There is a general sense in Pakistan’s two smaller provinces – Balochistan and Khyber Pakhtunkhwa – and the border regions with Afghanistan that the mainstream media of the country generally ignores them while giving too much coverage to urban areas of Punjab and Sindh provinces.
Balochistan which is the biggest province of the country area-wise gets the least attention of the mainstream media of the country. In August 2014, a senior local journalist along with two of his colleagues was assassinated in his Quetta office in an incident of target-killing. But the news could not get much attention in the mainstream media which was mainly focused giving an extraordinary extensive coverage to the anti-government protests in Islamabad.
Irshad Mastoi was shot along with a trainee journalist Abdul Rasul and an accountant in his office at a centrally located building in the provincial capital Quetta on August 28, 2014. Over the preceding six years dozens of journalists have been murdered in Pakistan, many of them from Khyber Pakhtunkhwa, Balochistan and the tribal region of FATA which borders Afghanistan.
The journalists’ communities from Khyber Pakhtunkhwa, Balochistan and the FATA complain that the mainstream media of the country gives a lot more attention to any attacks on journalists in the two bigger provinces and the capital Islamabad compared to the ones carried out against local journalists in the two smaller provinces and the FATA region.
Giving an example, members of the journalists’ communities from the smaller provinces of Pakistan say when earlier this year two senior journalists, Hamid Mir and Raza Rumi, were injured in two separate attacks, the main Pakistani media gave an extensive coverage to the tragic incidents for several weeks. Both of them worked with the two main news TV channels which have their base in the capital Islamabad and the biggest province Punjab. They complain if these journalists were from the smaller provinces of Khyber Pakhtunkhwa or Balochistan the attacks would likely have inadequate coverage by the mainstream media of the country.
It is not only the members of journalists’ communities from the smaller provinces who are complaining that they are being ignored by the mainstream Pakistani media, the politicians, members of the civic societies from these regions have similar complaints against the mainstream Pakistani media.
In June 2014, Pakistan launched a long-awaited military action against the Taliban and other militants in the North Waziristan area of FATA. As result of the military action more than one million local people were displaced from the region, many of whom shifted to makeshift camps while some others are living without any shelter. Soon after the military action two anti-government politicians along with many of their supporters march on the capital Islamabad and staged a long sit-in against the government demanding resignation of the Prime Minister Nawaz Sharif. The Pakistani media almost completely ignored the plight of more one million internally displaced people from North Waziristan and this important military action, described as crucial for the survival of the country.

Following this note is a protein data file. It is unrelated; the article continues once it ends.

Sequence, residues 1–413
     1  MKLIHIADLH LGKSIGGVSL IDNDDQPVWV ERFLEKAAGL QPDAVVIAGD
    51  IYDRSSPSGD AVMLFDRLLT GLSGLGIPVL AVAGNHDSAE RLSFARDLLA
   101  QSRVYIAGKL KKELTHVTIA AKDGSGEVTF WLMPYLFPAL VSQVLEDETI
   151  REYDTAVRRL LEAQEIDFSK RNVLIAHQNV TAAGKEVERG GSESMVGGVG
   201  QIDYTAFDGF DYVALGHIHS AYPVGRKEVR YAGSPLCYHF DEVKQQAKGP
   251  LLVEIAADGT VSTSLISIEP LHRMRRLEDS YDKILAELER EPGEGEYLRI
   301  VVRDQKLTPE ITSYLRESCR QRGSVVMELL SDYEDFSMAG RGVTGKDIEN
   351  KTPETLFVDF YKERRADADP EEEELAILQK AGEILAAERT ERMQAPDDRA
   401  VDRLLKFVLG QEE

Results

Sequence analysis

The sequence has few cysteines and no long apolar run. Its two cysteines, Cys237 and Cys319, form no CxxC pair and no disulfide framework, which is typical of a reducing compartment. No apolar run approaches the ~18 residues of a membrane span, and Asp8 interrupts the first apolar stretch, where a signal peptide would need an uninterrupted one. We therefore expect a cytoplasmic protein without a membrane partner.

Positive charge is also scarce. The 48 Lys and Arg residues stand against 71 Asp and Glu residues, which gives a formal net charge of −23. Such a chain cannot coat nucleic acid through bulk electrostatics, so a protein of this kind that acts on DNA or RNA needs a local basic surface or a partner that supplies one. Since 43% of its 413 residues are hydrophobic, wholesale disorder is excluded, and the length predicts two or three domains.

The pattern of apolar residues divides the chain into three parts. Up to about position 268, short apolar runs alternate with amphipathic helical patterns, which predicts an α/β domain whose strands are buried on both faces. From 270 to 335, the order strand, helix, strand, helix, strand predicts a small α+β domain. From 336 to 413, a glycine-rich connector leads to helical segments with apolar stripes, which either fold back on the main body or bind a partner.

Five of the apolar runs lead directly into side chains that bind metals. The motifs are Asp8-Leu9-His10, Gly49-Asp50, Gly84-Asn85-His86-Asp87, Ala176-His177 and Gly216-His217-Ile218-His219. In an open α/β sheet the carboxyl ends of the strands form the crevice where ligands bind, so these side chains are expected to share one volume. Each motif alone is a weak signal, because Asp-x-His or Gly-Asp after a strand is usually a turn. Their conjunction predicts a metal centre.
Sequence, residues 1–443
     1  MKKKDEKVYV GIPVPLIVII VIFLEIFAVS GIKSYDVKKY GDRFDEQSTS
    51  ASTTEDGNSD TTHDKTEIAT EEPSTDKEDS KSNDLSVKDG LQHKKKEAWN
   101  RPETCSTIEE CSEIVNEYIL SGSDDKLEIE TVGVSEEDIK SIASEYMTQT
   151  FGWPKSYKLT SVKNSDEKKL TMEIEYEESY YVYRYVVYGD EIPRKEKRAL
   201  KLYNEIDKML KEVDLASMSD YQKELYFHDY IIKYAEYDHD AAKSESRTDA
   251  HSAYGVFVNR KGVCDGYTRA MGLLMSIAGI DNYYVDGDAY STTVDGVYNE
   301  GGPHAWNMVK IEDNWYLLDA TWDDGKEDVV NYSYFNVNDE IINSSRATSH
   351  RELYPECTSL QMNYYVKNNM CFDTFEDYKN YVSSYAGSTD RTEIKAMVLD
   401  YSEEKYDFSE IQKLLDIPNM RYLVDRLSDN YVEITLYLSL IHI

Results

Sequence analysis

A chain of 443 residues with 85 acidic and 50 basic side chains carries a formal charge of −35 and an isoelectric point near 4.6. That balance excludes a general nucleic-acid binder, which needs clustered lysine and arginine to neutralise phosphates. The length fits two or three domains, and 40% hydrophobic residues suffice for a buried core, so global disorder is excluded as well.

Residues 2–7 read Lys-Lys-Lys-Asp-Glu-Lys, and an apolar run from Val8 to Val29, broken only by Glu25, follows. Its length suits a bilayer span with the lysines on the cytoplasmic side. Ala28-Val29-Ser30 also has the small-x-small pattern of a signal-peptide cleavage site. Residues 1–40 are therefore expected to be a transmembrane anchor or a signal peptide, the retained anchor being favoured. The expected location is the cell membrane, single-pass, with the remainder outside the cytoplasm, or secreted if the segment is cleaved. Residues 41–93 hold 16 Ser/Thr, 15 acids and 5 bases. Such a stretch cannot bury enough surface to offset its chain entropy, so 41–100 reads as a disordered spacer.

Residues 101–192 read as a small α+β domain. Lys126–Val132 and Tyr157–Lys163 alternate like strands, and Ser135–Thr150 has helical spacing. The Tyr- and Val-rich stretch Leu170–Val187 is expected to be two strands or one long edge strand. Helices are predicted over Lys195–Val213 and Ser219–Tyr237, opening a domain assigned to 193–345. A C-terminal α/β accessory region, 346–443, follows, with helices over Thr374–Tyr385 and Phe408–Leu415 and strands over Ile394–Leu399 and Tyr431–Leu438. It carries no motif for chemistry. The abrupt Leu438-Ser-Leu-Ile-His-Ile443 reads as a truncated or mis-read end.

The mainstream news TV channels instead continued round-the-clock live coverage to the sit-ins for last several weeks. Many of these internal refugees complained that they are giving sacrifices for the national security of the whole country but the central government and the mainstream media have completely ignored them.
Some local journalists from Khyber Pakhtunkhwa, which borders North Waziristan, said there is a general sense among the internal refugees from North Waziristan that the government didn’t do much to provide them with basic facilities, mainly because the Pakistani media was focused on the Islamabad protests. These refugees complain that ever since the anti-government demonstrations have started in the capital Islamabad the main news TV channels of the country have almost completely ignored them and the humanitarian aspect of their displacement.
There is also a sense among analysts that the disproportionately extensive media coverage encouraged the demonstrators and their leaders to harden their stands and plunge the country into a prolonged political crisis.
Some years ago, feeling under pressure that the smaller provinces are not being given enough coverage by the mainstream, Geo TV, one of the main news channels of the country, launched a special talk-show called ‘Jirga’ to highlight issues relating to the two smaller provinces and the FATA region. One of its shows in the fall of 2014 was held in Quetta, the capital of Balochistan province. The host of the show, Salim Safi, was shocked to see the level of anger among local politicians who were complaining that their province was being completely ignored by the country’s news media though it is as much part of the country as the two provinces of the country.
Media observers believe, it is actually the cut-throat competition in the media market and the ratings that mater to the owners of the news media in Pakistan. They say it’s the market aspect and revenues that the news media moguls are more interested than the humanitarian aspects of the life in the smaller provinces of the country or the FATA region.
The author has 18 years of experience in reporting, analyzing and commenting on politics in Pakistan and Afghanistan. He has worked with the BBC in London, Voice of America in Washington and Radio Free Europe in Prague. As a senior journalist from the region, Ghilzai has contributed numerous articles to these and other media broadcasters and publications.